Friday, August 5, 2011

After the Storm ~ Chapel Hill, NC, 1985

by Corinna McClanahan Schroeder

He stepped onto the porch and lit his pipe,
inhaled the scent of pine. The hail had sheered
the needles from the trees — the ground now lost
beneath white stones. Sunset’s afterglow threw
its light up from the west, and in the east,
the petulant clouds retreated into black.
How rare, he thought, to see two sides of sky
instead of one blank scope. His pipe to lip,
he paused and listened to the hiss and crack
as the hail sublimed to mist. The vapor rose,
a slow, encroaching fog that masked the earth.
Inside, his wife was sleeping, belly burdened
with child — the undesigned result of love — while here,
the sublimation as form gave way to form. Fear swelled
inside his throat with father — that shape to come.

But overhead, between the east and west,
a distant star established his space, a mark
as ancient as his thoughts. Exhaling smoke,
he watched the fog disperse until no sign
remained — only the slow and steady whir
of summer pushing itself from day to day.

From Measure, Vol. II, Issue 2, 2009

Corinna McClanahan Schroeder
There is a small river that runs between the significant transitions in our lives that poets explore.  After the Storm is a remarkable rendering of one of these, capturing the moment with a quiet dignity.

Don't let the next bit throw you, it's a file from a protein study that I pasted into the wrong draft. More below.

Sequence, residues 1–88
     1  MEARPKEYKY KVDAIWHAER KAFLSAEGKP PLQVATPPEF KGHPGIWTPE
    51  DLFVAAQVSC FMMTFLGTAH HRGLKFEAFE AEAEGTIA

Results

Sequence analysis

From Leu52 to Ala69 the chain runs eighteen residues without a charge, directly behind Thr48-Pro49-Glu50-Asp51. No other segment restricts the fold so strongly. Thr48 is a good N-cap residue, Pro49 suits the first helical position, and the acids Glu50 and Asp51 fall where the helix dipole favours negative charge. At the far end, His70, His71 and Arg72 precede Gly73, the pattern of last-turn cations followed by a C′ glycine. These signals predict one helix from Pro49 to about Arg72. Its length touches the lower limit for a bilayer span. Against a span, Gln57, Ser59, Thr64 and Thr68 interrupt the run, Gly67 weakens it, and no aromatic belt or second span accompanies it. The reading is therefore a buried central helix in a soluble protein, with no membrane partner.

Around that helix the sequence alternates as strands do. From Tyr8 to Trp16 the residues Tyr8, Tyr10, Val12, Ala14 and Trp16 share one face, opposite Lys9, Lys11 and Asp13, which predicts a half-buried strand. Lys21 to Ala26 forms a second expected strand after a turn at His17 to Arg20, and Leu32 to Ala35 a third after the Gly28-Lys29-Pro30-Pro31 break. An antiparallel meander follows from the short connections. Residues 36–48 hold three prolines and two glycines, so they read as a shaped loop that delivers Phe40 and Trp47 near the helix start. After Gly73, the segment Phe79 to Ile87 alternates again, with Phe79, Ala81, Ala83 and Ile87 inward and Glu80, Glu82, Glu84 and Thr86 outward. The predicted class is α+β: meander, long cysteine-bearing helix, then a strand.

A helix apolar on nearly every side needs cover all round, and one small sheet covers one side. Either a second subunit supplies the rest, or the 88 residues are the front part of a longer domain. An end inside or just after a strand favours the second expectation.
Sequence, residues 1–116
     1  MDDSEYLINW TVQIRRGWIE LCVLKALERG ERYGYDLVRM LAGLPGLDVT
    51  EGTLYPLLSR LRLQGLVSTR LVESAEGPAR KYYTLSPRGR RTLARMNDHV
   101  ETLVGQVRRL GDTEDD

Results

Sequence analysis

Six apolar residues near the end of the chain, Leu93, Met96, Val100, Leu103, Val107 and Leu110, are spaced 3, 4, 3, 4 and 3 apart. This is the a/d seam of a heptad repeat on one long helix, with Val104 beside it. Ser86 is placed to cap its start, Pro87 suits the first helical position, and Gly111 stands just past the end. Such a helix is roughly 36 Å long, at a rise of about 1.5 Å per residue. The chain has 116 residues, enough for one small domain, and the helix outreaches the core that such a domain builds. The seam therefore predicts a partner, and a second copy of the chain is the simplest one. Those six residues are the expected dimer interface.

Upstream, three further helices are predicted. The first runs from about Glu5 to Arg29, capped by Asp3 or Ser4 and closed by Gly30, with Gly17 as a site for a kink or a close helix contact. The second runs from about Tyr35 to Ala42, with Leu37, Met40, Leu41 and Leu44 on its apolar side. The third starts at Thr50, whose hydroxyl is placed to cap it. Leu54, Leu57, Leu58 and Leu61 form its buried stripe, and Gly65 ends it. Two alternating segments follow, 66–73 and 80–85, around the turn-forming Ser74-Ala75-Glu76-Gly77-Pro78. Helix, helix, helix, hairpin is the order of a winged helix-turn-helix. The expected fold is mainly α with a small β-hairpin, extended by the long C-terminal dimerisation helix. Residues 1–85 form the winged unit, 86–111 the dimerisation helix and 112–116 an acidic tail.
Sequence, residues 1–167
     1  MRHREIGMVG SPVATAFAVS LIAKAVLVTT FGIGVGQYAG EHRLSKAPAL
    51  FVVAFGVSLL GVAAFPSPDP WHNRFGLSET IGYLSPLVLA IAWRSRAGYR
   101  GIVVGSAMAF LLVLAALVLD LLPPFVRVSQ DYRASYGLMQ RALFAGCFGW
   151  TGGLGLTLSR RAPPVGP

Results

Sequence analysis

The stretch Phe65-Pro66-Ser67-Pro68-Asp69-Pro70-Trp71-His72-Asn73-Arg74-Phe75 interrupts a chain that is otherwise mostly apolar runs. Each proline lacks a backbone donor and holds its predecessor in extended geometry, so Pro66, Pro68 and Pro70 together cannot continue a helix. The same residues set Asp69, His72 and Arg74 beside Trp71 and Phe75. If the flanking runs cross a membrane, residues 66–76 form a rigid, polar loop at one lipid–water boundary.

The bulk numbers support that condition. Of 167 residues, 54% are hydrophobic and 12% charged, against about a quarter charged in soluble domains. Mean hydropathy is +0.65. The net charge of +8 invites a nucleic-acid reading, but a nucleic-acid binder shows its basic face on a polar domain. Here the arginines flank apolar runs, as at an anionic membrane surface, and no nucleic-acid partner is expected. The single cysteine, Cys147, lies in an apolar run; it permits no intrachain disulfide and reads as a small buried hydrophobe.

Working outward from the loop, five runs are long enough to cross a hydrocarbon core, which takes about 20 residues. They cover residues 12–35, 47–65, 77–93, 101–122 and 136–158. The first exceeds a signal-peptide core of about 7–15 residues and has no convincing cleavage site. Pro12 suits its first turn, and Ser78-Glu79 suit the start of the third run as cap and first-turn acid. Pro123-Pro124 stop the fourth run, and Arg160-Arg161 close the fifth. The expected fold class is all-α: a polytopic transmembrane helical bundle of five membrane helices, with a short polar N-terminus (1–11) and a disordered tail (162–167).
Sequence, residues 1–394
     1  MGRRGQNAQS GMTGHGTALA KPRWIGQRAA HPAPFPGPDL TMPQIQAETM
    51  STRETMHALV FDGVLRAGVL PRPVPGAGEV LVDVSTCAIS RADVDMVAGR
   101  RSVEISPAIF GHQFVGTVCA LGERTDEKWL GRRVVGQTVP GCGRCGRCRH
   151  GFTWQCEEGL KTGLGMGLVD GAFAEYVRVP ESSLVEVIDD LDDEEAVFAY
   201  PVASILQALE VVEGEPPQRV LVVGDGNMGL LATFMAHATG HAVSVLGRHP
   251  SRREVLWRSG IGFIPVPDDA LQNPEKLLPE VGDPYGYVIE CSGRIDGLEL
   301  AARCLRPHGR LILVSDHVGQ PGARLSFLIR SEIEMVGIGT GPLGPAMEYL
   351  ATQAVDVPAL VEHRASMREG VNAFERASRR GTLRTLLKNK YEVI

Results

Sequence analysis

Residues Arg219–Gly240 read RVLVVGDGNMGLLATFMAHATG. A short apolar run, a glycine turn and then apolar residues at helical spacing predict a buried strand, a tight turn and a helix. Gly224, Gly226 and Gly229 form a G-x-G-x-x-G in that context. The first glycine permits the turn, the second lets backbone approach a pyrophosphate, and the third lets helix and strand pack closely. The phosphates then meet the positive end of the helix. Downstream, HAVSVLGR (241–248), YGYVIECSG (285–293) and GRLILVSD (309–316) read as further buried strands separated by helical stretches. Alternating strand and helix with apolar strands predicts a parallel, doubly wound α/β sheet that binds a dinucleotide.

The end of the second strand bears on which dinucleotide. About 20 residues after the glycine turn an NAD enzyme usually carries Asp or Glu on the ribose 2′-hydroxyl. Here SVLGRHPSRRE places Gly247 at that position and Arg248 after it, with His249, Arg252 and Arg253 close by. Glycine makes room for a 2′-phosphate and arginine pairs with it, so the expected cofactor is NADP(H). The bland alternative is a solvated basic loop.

Corinna McClanahan Schroeder holds an M.F.A. from the University of Mississippi where she was the recipient of a John and RenĂ©e Grisham Fellowship.  She is currently a Ph.D. student in Literature and Creative Writing at the University of Southern California where she holds a Wallis Annenberg Endowed Fellowship.  

Her work has recently appeared or is forthcoming in journals such as Tampa Review, Hayden’s Ferry Review, Cave Wall, and Linebreak. She is the recipient of a 2010 AWP Intro Journals Award in poetry and an honorable mention in Copper Nickel’s 2011 poetry contest, and she is currently a 2011 Ruth Lilly Poetry Fellowship finalist. Read more by following these links ~ Pebble Lake Review, Barely South ReviewGlass:  A Journal of Poetry.  

(used with permission of the author)

1 comment:

Felice said...

Thanks for tweeting this! I love the image of constancy amid change, and facing fear by simply pushing forward from day to day.